Mille-Feuilles can't buy you love. . .
No one hates Parisexcept Summer Corey. The moody winters. The artists and their ennui. The inescapable shadow of the Tour Eiffel. But things go from bad to worse when Summer stumbles into brooding, gorgeous chef pâtissier Luc Leroi and indecently propositions the hero of French cuisine. . .
Luc has scrambled up from a childhood panhandling in the Paris Métro to become the king of his city, and he has no patience for this spoiled princess, even if she does now own his restaurant. Who cares if she smiles with all the warmth of July? She doesn't eat dessert!
There is only one way to tempt her. A perfect, impossibly sweet seduction. . .
Praise for Laura Florand and her novels
"I adored this story. . .Paris, chocolate, and romance, all in one hilarious package." New York Times bestelling author Eloisa James
"Both sensual and sweet. . .a story that melts in your mouth!" USA Today bestselling author Christie Ridgway
About the Author
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The Chocolate Heart
By LAURA FLORAND
KENSINGTON PUBLISHING CORP.Copyright © 2013 Laura Florand
All rights reserved.
She walked in, blond, small, tanned, smelling of monoï, the tiare-infused coconut oil from the islands. Luc recognized the scent because he smelled and tasted everything that passed through his hands, good or bad.
It wasn't a policy he usually applied to people, but ... she looked like someone a man wouldn't mind tasting, certainly. A sun goddess you might pick up off a beach on a tropical escape, feel the sand sticking to her skin when you made love to her, shake it out of the sheets in the morning with a smile on your face.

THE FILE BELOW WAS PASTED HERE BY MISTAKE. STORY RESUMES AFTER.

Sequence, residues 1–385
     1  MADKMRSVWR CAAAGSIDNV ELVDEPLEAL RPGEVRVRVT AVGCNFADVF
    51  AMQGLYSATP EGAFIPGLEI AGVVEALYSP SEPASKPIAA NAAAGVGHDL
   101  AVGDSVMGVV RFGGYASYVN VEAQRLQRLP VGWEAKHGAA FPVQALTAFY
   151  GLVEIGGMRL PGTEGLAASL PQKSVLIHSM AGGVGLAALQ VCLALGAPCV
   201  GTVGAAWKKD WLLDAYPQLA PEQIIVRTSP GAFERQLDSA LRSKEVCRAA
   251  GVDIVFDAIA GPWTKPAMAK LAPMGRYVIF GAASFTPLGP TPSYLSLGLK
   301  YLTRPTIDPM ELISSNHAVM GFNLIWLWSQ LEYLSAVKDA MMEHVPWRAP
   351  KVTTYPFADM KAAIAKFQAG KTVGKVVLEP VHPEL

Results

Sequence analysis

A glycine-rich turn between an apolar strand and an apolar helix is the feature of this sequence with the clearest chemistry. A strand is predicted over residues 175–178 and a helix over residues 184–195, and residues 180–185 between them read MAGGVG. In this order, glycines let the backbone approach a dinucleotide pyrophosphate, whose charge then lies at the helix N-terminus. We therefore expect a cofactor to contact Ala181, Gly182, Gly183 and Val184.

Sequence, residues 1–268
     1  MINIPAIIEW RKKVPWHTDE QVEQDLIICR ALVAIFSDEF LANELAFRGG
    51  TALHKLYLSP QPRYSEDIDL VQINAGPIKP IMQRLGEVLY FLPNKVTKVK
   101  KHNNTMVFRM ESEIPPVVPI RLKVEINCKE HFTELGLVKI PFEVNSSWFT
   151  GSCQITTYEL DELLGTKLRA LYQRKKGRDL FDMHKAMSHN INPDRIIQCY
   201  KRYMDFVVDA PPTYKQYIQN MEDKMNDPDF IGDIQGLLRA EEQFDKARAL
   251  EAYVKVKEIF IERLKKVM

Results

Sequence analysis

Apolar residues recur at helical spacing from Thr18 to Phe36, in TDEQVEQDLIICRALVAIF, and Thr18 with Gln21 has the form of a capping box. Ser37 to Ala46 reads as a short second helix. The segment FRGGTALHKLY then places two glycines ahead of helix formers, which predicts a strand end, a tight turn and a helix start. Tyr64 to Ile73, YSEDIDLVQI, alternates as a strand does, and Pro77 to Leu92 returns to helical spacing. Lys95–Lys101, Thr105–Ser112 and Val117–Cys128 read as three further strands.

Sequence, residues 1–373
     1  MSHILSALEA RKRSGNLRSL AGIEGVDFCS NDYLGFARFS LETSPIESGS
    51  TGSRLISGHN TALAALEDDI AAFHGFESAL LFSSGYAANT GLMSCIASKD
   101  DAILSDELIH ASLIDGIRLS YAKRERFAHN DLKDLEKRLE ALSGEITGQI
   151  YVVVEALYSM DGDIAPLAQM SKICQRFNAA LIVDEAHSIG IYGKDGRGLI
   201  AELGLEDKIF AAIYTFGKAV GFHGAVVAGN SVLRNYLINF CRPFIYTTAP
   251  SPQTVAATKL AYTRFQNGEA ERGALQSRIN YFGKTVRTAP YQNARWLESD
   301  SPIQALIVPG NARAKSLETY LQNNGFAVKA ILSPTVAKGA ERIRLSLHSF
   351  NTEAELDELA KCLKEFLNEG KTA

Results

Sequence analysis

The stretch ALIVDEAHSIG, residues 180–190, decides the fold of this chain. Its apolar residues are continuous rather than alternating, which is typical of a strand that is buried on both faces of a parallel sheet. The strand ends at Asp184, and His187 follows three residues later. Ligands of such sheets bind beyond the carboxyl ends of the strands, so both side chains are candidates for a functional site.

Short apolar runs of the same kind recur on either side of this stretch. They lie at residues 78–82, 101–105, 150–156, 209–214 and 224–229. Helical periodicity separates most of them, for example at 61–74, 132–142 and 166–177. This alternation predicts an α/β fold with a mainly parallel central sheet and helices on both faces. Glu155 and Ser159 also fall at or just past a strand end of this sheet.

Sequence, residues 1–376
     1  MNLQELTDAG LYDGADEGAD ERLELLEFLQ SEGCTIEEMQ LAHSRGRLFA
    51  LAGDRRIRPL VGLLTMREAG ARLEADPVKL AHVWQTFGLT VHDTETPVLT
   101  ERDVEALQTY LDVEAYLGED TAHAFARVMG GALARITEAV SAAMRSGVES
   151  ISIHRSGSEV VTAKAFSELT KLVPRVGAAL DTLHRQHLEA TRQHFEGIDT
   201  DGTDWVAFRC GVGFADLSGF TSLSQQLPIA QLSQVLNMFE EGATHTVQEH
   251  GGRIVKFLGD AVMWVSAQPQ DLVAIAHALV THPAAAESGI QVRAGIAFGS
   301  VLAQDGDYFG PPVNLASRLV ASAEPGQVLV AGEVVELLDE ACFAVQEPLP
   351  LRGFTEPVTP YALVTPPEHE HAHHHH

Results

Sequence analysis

Or so he imagined. He had never escaped to a tropical island, not even once, but his ability to imagine—and realize—impossible things was world famous.
She looked tired, around-the-world-in-eighty-days tired, with a pinch around her eyes that went beyond jet lag. But when she looked up and met his eyes, she pulled out a smile so bright it was several minutes before Luc realized she had no idea who he was. She hadn't recognized him. She had just seen the symbol of the hotel under his name on his shirt and thrown him the same bright smile she would have given anyone.
So right from the start there was a problem. A conflict within him, perhaps. Luc knew with certainty that she had arrived on the edge of nerves and exhaustion. That she needed tolerance and compassion.
Yet he couldn't quite forgive her for that split second when he had fallen for that bright smile, and it hadn't been for him.
She probably thought he was the bellboy.
That was one hot bellboy, Summer noticed. Standing near the polished mahogany reception desk, framed by marble columns, light glimmering on his face from a gold chandelier. Welcome, Madame, to your mausoleum. Although doubtless he thought this place was a gorgeous palace.